3. Vashon Island
Sitting in the middle of the Puget Sound, Vashon Island can be reached by ferries from Point Defiance, Port Orchard, or Seattle. I like to arrive in the south and work my way to the north, exploring the island along the way. The small town of Vashon is where you will find most restaurants and shops on the islands. The island abounds with beaches and waterfront parks, a lighthouse, and miles of farmland. There are small local wineries and even Nashi Orchards, a perry maker (cider made out of pears). In season, visit the local farmer’s market. It is very popular, and people even travel to the island just to visit it.
Pro Tip: This island makes a great base for exploring the area. Three ferry options will take you to Seattle, the Kitsap Peninsula to Olympic National Park, and to Point Defiance in Tacoma. The Vashon Island park system has three historic cottages available for vacation rentals. The Point Robinson Keepers Quarters are two quaint cottages available for rent. Each has a cozy porch overlooking the Puget Sound. The Belle Baldwin House at Fern Cove is my favorite. It is tucked away near the lovely Fern Cove with 750 feet of shoreline, streams, and a 100-year-old forest. The home has been restored to its 1912 glory with lovely woodwork in the interior. It is a relaxing haven and a great place to get away from it all.
Check out the Best Things to Do On Vashon Island for more information.
4. Lopez Island
Lopez Island is a less-visited island in the San Juan chain, and that is its charm. Arriving on the island, you immediately slow down. The only traffic is the rush when the ferry comes in. People visit Lopez to disconnect and enjoy the simple life Lopez has to offer. Lopez Village is the island’s commercial hub with coffee shops, a few restaurants, shops, and a grocery store overlooking Fisherman Bay. The many farms on the island produce everything from sheep and llamas to fruit trees and fresh produce. There is even a winery.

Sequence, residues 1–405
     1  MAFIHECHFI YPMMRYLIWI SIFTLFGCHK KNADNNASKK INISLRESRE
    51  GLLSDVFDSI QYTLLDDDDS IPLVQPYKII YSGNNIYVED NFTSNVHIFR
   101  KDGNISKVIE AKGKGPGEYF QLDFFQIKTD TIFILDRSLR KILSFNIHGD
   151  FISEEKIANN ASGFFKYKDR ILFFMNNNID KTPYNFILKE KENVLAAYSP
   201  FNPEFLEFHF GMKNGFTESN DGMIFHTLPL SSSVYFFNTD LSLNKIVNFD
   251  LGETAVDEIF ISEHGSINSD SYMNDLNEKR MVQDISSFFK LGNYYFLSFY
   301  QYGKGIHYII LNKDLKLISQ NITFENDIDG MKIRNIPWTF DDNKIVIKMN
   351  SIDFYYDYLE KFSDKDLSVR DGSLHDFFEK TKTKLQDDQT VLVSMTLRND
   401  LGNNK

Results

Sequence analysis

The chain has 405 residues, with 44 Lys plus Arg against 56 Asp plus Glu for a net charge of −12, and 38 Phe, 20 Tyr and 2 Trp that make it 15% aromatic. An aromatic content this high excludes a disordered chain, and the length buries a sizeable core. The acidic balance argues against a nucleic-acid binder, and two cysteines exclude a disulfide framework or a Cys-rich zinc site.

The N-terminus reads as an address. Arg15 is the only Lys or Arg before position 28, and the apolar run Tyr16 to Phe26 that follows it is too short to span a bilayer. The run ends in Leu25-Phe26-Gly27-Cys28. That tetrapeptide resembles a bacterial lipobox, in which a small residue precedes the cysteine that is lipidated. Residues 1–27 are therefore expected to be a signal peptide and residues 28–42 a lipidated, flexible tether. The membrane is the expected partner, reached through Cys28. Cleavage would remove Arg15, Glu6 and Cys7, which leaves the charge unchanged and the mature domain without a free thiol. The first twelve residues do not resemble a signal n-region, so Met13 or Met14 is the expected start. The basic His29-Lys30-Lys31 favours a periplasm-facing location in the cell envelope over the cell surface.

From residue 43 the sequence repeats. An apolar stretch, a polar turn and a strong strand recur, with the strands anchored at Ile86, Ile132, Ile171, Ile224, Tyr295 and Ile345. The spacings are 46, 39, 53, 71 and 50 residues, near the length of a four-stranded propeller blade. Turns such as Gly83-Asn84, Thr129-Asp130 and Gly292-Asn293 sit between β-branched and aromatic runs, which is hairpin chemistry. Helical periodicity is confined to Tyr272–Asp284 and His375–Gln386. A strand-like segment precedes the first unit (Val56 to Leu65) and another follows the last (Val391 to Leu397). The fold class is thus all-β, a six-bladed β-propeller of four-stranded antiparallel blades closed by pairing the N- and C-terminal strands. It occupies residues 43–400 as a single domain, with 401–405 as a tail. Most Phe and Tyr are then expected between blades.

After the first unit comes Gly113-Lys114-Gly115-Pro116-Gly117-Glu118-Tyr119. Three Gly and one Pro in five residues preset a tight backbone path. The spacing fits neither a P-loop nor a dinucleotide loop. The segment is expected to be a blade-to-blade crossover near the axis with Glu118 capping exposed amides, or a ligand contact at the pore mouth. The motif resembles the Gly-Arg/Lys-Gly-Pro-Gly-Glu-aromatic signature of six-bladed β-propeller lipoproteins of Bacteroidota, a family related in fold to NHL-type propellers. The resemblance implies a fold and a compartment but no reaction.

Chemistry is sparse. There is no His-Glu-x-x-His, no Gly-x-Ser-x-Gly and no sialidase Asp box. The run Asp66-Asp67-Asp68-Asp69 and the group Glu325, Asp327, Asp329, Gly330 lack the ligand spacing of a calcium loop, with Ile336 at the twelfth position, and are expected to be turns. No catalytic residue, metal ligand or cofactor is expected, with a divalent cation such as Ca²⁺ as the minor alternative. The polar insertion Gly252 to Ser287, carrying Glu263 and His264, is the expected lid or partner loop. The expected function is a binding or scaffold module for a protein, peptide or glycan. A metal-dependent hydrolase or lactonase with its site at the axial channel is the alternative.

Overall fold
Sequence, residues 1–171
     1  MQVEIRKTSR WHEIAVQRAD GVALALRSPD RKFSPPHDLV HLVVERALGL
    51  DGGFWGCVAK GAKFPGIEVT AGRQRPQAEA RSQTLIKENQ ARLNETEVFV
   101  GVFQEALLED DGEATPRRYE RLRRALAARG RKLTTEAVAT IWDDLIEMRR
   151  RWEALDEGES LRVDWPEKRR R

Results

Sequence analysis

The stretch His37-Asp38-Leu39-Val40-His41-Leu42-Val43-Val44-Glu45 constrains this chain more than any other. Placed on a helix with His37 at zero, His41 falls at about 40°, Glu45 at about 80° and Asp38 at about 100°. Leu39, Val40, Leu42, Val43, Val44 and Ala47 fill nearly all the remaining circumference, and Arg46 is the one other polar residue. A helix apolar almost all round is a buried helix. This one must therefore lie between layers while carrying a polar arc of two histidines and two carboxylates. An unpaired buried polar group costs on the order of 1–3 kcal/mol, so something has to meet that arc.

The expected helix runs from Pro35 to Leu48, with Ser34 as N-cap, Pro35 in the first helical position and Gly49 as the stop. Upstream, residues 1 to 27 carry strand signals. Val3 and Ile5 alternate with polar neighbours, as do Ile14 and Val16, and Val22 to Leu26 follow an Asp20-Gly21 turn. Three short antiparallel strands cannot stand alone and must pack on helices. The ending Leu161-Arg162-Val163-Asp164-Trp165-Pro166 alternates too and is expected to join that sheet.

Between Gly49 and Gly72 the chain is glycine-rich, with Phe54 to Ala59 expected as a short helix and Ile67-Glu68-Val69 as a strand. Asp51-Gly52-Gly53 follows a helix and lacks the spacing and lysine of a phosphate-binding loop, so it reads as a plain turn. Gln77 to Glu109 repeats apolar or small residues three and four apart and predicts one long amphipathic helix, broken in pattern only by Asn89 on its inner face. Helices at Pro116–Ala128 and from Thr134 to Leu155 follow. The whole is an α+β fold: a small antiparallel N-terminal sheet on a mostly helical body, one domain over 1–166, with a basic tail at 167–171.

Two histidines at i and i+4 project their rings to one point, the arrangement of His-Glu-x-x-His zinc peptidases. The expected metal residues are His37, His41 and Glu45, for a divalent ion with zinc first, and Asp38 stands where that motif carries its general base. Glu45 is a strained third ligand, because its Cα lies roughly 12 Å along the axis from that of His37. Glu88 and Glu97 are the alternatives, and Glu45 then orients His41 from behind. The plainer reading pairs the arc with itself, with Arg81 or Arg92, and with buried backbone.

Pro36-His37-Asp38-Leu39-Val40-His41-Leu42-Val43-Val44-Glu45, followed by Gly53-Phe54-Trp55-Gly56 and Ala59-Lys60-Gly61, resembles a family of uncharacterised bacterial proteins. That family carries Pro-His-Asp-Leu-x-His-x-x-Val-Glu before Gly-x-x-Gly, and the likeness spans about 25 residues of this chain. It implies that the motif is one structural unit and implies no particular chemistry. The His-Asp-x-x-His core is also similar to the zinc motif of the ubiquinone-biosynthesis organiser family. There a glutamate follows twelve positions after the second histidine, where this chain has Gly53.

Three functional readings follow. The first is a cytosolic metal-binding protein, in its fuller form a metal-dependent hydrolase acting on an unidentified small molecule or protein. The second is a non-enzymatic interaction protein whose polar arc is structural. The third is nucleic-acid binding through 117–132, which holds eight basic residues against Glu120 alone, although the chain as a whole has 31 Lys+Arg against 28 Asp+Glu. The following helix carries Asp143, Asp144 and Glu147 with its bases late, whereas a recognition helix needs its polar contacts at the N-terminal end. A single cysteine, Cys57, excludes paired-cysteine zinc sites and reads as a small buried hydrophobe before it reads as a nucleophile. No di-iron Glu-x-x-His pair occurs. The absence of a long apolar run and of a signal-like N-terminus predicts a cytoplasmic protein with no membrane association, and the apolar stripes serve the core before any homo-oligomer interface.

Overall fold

The gently rolling terrain on the island and lack of traffic make it a wonderful location to cycle. The quiet of the area makes it perfect for enjoying the outdoors. Enjoy the many driftwood-strewn beaches or hike on one of the many trails in the state and county parks. You may find yourself so relaxed you just want to lounge with a good book. That is what is so nice about Lopez Island -- there is no pressure to do anything and no distractions.
5. Camano Island
Camano Island is mostly a residential island, but there is still plenty to do for the visitor. Begin your trip to the island by having breakfast at the Cama Beach Cafe located amid Cama Beach Historical State Park. The park was once a thriving beach resort and you can still rent a beach cabin overlooking the Puget Sound. The beach is flat with gentle waves making it perfect for beachcombing and wading. Beautiful views of the sound and the mountains in the distance.
Some of the farms on the island offer some interesting experiences. Visit the Arrowhead Ranch to try your hand at forged ax throwing, or if you are lucky, watch a soapbox derby race on the largest track West of the Mississippi River. Kristoferson Farm has you-pick lavender in season and a Canopy tour that involves ziplining. Both farms offer crafts. You can book an experience and learn to make everything from a lavender wreath to a charcuterie board. Both make nice souvenirs of your day at Camano Island.
Editor’s Note: For additional inspiration, consider How To Spend A Perfect Day On Washington’s Scenic Camano Island.
Pro Tips For Visiting The Islands
Pacific Northwest weather is very unpredictable, especially in the spring, and winds blowing off the Puget Sound can be very chilly. Always bring a jacket. These islands are extremely popular once the weather warms up, so make reservations for as much as you can. Do not go to any of the San Juan Islands without a ferry reservation. Consider visiting mid-week when there are fewer visitors.